The common bedbug is best adapted to human environment. It is found in temperate climate throughout the world and has been known since ancient times. Adult bedbugs are reddish brown, flattened, oval and wingless with microscopic hairs.
The common bedbug is best adapted to human environment. It is found in temperate climate throughout the world and has been known since ancient times.
Adult bedbugs are reddish brown, flattened, oval and wingless with microscopic hairs that give them a banded appearance. A common misconception is that they are not visible to the naked eye. Adults grow to 4-5 mm in length and do not move quickly enough to escape the notice of an attentive observer.
Bedbugs are generally active only at dawn, with a peak attack period about an hour before dawn, though given the opportunity, they may attempt to feed at other times. Attracted by warmth and the presence of carbon dioxide, the gub pierces the skin of its host with two hollow tubes. With one tube it injects its saliva, which contains anticoagulants and anesthetics, while the other it withdraws the bloods of its host. After feeding for about five minutes, the bug returns to its hiding place. The bites cannot usually be felt until some minutes or hours later, as a dermatological reaction to the injected agents.
Although bedbugs can live for a year or as much as 18 months without feeding, they typically seek blood every five to ten days. While bedbugs that go dormant for lack of food often live longer than a year, well-fed specimens typically live four to six months. Low infestation may be difficult to detect and it is not unusual for the victim not to even realize they have bedbugs early on. Patterns of bites in a row of a cluster are typical as they may be disturbed while feeding. Bites may be found in a variety of places on the body.
Bedbugs may be erroneously associate with filth in the mistaken notion that this attracts them. However, severe infestations are often associated with poor housekeeping and clutter. Bedbugs are attracted by exhaled carbon dioxide and body heat, not by dir and they feed on blood, not waste. In short, the cleanliness of their environments has effect on the control of bedbugs but unlike cockroaches, does not have a direct effect on bedbugs as they feed on their hosts and not on waste. Good housekeeping in association with property preparation and mechanical removal by vacuuming will certainly assist in control.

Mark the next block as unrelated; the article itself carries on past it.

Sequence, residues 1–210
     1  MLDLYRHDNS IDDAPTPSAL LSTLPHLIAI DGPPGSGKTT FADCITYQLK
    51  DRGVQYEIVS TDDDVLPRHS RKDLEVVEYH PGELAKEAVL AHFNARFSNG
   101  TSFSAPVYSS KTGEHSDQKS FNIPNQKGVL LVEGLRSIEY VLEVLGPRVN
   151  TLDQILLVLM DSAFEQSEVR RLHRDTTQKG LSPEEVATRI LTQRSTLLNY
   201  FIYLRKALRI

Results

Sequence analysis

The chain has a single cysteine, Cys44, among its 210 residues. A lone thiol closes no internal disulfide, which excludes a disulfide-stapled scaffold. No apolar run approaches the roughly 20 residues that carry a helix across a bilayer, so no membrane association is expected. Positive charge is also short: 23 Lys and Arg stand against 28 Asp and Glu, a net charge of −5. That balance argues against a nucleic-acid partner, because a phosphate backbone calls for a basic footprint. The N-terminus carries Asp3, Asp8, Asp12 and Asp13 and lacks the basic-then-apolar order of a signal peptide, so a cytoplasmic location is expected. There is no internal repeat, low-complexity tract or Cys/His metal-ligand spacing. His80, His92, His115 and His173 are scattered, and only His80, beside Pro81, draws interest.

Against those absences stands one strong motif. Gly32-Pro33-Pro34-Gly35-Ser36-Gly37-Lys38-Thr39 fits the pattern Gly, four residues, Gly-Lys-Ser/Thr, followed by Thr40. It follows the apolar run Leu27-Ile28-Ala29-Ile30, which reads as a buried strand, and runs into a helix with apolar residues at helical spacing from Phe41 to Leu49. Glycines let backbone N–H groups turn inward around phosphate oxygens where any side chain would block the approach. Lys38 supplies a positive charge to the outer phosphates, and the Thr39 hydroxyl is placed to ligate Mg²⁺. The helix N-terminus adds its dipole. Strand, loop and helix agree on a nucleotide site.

If bed bugs are suspected than a licensed pest controller should be consulted. A careful inspection must be undertaken and all possible hiding placed within infested and adjoining rooms examined. Once all likely sources have been identified, than an approved insecticide, which has some residual activity should be applied to all harbourages. The synthetic pyrethroids are often the main chemicals used for control in Australia, however these are not very effective for control, but may not be recommended for use on mattresses (check the label). Non-chemical approaches to control involve the use of hot air and/or wrapping up infested materials in black plastic and placing the articles in the sun, therby killing the bedbugs with the heat generated. However this should only be used for small items, if at all. Clothes can be washed in hot water and dried on the hot cycle of the clothes drier. Delicate materials can be placed into the freezer. Generally, pesticides will need to be applied in conjunction with any harbourages such as cracks and crevices ill discourage repeat infestations. AS bed bugs are cryptic in their habits, complete control is often difficult to achieve with the first treatment. This is especially so with heavy infestations and thus a pest control evaluation is always advisable.